Student innovation is awarded at ‘Tribe Tank’
A toaster small enough to fit in a backpack, a pepper-spray phone case, an app to find the best parties and another for food delivery after the party were awarded last week at Tribe Tank, William & Mary’s answer to the hit TV show, “Shark Tank.”
Eight teams competed for cash prizes and makerspace grants in the event organized by the Student Marketing Association and the Design Thinking Club and hosted at the Raymond A. Mason Business School. The organizers are hoping to make it an annual event.
“Our goal is for participants to walk away with valuable pitching experience that they can use in interviews and resumes, for the audience to be inspired to innovate and learn valuable tips about pitching and for the judges to be so impressed with William & Mary students that they share via their networks what our students have to offer the real world,” said Alicia Howard, Student Marketing Association president.
Among the five judges was Danny Mastronardo, cofounder of Nardo’s Natural, a family-owned organic skincare line awarded with an investment on ABC’s “Shark Tank.”
Joining Mastronardo in judging were Laura Markley ’07, director of finance and operations for New Richmond Ventures, a Richmond-based venture capital firm, and Graham Henshaw, clinical professor of entrepreneurship at the Raymond A. Mason School of Business and former director of venture development at New Richmond Ventures. Small Hall Makerspace directors Wouter Deconinck, assistant professor of physics, and Josh Erlich, Class of 2017 Associate Professor of Physics, also judged.
The first-place winner was Owler, presented by Ryan Metzger ’18. It is a social media app that would allow campus users to upload party information and for attendees to rate the party in real time. It would be integrated with Steer Clear to provide safe transportation.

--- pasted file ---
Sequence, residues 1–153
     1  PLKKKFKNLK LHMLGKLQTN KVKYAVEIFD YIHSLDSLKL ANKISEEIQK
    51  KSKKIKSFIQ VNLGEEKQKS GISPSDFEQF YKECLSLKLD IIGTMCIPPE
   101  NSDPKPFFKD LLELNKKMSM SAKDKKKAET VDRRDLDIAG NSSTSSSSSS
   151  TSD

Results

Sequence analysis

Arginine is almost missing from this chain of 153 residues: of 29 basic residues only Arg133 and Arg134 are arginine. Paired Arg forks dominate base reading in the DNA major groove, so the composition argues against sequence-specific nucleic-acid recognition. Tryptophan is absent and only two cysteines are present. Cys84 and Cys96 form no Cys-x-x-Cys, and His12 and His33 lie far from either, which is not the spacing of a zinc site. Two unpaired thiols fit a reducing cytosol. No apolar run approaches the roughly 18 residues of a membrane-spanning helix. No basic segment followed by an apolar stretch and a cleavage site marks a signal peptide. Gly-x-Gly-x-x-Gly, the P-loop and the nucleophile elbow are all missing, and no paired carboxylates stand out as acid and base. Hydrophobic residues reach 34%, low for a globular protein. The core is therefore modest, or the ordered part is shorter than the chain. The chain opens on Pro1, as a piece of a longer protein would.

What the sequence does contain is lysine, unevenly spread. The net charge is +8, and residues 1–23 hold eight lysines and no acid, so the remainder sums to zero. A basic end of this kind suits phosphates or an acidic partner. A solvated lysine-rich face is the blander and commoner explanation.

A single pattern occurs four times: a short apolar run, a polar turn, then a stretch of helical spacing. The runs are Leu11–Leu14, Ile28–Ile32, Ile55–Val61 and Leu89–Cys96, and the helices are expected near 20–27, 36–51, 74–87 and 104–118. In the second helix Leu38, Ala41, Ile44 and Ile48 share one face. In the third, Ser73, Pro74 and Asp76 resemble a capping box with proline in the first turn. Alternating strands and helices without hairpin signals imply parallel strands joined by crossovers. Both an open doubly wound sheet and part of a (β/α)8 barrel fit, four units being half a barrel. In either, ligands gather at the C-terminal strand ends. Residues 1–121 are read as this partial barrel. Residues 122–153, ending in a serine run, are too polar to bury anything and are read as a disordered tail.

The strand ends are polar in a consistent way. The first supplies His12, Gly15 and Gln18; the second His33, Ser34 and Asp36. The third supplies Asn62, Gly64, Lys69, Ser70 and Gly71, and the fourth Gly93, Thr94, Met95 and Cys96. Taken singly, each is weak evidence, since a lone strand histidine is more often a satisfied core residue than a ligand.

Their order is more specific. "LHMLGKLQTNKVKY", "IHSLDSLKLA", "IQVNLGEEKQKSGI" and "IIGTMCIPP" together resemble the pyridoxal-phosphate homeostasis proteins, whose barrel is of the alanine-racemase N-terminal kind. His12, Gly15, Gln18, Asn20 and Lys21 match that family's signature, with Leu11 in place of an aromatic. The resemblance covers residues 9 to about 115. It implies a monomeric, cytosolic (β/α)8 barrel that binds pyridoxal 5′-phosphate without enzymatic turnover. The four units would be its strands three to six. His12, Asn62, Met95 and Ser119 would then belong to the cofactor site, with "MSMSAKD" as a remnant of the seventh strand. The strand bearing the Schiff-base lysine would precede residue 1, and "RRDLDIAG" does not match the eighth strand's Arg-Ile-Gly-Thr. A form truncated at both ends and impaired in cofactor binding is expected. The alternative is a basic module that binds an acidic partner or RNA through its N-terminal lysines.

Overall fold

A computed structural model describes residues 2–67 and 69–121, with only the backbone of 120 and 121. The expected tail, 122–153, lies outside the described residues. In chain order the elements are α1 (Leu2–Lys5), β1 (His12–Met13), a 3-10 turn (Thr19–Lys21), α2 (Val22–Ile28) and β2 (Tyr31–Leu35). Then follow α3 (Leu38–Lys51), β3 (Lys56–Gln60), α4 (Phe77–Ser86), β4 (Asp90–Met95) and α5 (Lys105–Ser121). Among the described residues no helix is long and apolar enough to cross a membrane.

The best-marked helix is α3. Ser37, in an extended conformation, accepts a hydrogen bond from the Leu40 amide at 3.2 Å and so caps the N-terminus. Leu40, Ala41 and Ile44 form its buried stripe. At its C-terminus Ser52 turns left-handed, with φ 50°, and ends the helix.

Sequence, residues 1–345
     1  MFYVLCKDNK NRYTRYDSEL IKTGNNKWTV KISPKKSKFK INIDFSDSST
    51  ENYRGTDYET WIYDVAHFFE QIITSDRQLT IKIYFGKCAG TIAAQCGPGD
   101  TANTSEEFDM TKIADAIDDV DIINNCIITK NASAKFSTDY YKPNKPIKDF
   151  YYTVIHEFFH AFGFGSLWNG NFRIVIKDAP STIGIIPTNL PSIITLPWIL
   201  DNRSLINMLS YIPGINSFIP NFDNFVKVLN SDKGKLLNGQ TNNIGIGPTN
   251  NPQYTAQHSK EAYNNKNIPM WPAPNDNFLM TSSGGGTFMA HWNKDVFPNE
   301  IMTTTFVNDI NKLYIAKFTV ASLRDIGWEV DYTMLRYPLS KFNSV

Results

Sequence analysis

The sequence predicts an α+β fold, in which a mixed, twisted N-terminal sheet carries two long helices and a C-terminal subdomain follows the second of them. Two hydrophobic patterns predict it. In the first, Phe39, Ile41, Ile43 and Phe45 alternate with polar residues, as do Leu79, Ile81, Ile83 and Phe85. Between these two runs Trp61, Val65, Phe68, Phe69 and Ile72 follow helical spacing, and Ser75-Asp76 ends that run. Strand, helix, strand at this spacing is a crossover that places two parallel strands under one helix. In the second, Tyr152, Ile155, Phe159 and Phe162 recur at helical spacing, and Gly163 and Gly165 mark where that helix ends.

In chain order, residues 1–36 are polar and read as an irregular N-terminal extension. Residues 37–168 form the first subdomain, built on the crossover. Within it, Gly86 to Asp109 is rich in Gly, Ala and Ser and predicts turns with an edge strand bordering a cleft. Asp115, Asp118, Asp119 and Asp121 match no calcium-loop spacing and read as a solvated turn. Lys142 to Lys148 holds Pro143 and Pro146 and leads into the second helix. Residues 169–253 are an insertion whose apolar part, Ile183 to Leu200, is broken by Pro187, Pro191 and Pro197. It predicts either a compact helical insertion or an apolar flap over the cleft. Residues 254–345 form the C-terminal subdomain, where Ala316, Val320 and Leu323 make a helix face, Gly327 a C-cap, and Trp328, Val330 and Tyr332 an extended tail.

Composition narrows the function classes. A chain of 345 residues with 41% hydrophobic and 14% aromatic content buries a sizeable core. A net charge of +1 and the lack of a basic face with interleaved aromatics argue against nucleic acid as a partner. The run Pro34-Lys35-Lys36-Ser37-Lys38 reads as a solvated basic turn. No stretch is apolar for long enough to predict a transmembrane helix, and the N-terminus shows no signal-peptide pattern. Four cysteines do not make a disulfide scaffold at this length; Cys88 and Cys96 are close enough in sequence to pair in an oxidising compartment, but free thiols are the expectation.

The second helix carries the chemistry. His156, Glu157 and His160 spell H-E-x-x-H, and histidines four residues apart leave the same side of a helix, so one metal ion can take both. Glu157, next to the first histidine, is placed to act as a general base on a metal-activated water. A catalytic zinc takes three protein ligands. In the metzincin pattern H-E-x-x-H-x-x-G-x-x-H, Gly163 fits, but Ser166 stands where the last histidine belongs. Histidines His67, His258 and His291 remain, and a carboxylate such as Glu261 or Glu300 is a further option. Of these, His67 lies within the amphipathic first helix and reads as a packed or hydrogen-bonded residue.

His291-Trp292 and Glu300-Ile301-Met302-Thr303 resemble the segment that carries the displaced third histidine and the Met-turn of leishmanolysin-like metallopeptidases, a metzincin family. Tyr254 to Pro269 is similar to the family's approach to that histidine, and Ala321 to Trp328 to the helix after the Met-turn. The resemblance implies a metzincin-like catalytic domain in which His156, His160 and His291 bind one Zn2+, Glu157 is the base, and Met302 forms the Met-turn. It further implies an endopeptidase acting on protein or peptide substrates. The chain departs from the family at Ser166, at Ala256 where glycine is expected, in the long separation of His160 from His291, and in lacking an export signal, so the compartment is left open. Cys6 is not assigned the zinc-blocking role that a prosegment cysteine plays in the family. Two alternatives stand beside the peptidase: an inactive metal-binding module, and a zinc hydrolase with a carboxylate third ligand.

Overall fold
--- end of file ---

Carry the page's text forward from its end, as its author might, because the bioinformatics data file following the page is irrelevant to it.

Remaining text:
Daniel Hansen, Neil McLean, John Murphy and Kent Rollins, all Class of 2018 members, presented RiteBite, an app enabling students to order food from area restaurants and have it delivered, presenting one interface to customers and another to delivery drivers. The team took second place.
Though the Maker Space originally planned to provide one grant, in the end it awarded two groups, Travel Toast and Spray-Away.
Travel Toast was presented by Thompson Hangen ’15, who said he was inspired by the idea of a scaled-down, portable toaster while doing missionary work in Russia during the winter.
Moises Romero ’19 presented Spray-Away, a cartridge-based pepper spray delivery system that would be built into cell phone cases.
A fifth prize, based on audience feedback, went to Universe, presented by Chris Hoyle ’18 and Asher Smith-Rose ’18. Another social media app, Universe would pull all the disparate pieces of information on campus into one place so students wouldn’t have to track event calendars, listservs, multiple social media accounts and the like.
Other teams included:
- ComFlo, presented by Ryan Yan ’16, is software to render usable and create visualizations of the vast raw data presented in the Bureau of Transportation Statistics' Commodity Flow Survey, which tracks freight shipments in a wide range of industries.
- Madro, presented by Mason MBA student Hans Boateng, would provide a delivery system for expatriates to supply their family members in Ghana with needed chronic medications. Boateng has an eye set on expanding to other African nations.
- Sweet Chic, presented by Mason marketing student Hashim Ahmed, would be a high-end women’s clothing line marketed online.
Offering advice to all of the groups, the judges recommended testing their assumptions, considering business partners (with caution), researching the market and soliciting input from others.
“I commend you for having your eyes open to seeing opportunities and for coming up with potential solutions,” Henshaw told the eight teams. “Keep going. I heard a lot of great ideas, and I think there are seeds to something that could be real if you keep going.”
Mastronardo praised the performance and delivery of all of the competitors.
“We had some notes of what we were looking for,” he said, “and a lot of you guys touched every one of those points. It was really impressive.”